Last Monday I was on the Nightly Business Report (NPR), again on Tuesday morning I did CNBC. On both of those venues I stated a “trading low” was likely at hand that would hopefully begin the bottoming sequence seen at most of the tradable “lows” of the past five years. That sequence typically begins with a trading low, followed by a sharp “throwback rally,” and then a subsequent pullback to those recent trading lows for a successful retest before the bottoming sequence is complete. And “You did not stutter,” was the comment from one portfolio manager shortly after our interview where I flatly stated that a “trading low” was at hand and recommended a scale-in buying approach for “trading positions” using the various indexes. That strategy was reprised repeatedly in our comments last week where we recommended buying a one-third trading position on Tuesday, another one-third position on Wednesday, and the final one-third on Thursday. While we recommended buying the first two tranches on Tuesday and Wednesday’s opening prices, we did not “buy” the final one-third position due to Wednesday’s outsized rally (DJIA +110 points). Plainly, our “buy ‘em” recommendation has played in spades even though we “flinched” on the final tranche of our buying program during Thursday’s upside explosion, refusing to “pay up” for a complete “trifecta.”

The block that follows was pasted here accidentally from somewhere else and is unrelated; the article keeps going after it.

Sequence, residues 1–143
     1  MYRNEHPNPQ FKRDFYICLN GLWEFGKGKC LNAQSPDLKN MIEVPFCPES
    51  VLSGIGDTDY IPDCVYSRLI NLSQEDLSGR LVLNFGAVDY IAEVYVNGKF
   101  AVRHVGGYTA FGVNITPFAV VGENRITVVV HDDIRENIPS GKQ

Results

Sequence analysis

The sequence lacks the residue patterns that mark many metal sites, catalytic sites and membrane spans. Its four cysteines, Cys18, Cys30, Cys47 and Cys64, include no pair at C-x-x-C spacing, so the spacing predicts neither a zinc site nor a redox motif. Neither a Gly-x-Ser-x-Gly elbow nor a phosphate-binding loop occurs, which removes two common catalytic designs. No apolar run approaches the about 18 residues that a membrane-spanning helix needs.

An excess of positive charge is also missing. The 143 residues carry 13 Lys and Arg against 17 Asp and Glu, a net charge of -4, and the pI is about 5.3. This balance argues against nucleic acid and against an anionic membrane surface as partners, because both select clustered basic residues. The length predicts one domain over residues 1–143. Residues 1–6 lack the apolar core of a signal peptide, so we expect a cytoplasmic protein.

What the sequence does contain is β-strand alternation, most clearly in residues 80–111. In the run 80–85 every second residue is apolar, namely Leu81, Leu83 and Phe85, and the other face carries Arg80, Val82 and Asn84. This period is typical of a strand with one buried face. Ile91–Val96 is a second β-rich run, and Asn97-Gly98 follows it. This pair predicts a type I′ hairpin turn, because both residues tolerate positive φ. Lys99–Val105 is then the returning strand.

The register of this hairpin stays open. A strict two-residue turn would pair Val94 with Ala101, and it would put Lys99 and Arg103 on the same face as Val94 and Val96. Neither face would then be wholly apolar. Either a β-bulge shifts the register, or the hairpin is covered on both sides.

Read the whole thing from Raymond James.
while this current “throwback rally” in the U.S. equity markets has been impressive and may last another few sessions, we are worried about the subsequent downside retest . . . and continue to defensively position accounts accordingly.
Hoping for the best, but preparing for the worse. Bear market here we come.

Hattip The Agonist

Sunday, June 18, 2006

Happy Fathers Day!